Last week, Gasant Abarder attended the world premiere of the musical “Calling Us Home” at Artscape. The set of double tickets was left for him, with the name “Gasant Alexander” on the envelope. It turned out to be a fabulous night out, and Abarder wasn’t the only one dressed in casual attire.
The New Face of Theatre
The theater scene in Cape Town is evolving, with producers dabbling in multimedia and narrative to reach a wider audience. The Star Theatre’s “Maxeke: This work is not for yourselves” told the story of Charlotte Maxeke using puppetry, music, and narrative. The play was based on the doctoral dissertation of Dr. Thozama April, a fellow at the University of the Western Cape’s Centre for Humanities Research (CHR).
An Emotionally Charged Performance
At the world premiere of “Calling Us Home” at Artscape, Abarder was captivated by the story of Grace, a woman sent to the US from an unnamed African country by her soldier brother. The vocal performances left him with goosebumps, but the production could have done with a generous edit of 45 minutes to an hour.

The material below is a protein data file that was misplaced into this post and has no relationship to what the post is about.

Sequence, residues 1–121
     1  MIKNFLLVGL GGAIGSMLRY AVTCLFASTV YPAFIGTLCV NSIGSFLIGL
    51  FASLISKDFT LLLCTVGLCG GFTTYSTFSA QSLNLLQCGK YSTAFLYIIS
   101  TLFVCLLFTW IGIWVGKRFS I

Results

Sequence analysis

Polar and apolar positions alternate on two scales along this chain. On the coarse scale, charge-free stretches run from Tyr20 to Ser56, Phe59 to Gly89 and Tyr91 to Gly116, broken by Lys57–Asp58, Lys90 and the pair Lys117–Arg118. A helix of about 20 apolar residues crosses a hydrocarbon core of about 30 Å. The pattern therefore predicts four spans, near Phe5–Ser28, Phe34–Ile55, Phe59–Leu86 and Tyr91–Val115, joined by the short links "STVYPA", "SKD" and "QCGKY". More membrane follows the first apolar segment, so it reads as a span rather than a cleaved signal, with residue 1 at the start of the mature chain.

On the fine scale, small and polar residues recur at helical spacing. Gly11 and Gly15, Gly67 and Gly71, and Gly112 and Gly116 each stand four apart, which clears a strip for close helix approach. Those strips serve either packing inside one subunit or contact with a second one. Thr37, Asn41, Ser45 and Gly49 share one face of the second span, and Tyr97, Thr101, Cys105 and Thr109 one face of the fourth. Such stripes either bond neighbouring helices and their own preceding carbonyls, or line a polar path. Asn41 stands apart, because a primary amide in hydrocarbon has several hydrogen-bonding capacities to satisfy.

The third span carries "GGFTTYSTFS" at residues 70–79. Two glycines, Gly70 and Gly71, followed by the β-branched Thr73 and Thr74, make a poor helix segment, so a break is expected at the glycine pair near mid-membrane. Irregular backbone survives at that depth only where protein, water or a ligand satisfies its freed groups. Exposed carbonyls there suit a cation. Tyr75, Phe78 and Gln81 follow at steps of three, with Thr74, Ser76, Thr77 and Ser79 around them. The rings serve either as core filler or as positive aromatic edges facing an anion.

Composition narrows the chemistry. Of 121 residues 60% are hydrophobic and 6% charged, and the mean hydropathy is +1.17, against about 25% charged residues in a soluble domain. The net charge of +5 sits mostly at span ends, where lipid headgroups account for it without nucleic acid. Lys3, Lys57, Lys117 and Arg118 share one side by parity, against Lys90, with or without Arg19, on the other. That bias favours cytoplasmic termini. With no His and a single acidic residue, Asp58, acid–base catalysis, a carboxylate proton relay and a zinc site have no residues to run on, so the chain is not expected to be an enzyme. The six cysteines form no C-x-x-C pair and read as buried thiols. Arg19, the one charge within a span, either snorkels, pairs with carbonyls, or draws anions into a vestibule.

A Fantastic Night Out
Despite the high price of snacks, the full house cheered and gave standing ovations. Ordinary folks like Abarder were thrilled to be back in the audience after the pandemic.
Theatre in Cape Town is Evolving
Theater in Cape Town is making a comeback, with cutting-edge, risky shows that aim to please both longtime theatergoers and newcomers with compelling stories. Provocative works like “Maxeke” and “Calling Us Home” are setting the bar high.
The Future of Theatre
Theatre in Cape Town may be changing, but its heart remains the same. The thorns among the roses will always be there, but the packed houses and enthusiastic audiences show that the future of theatre is bright. As Abarder said, “long may it continue!”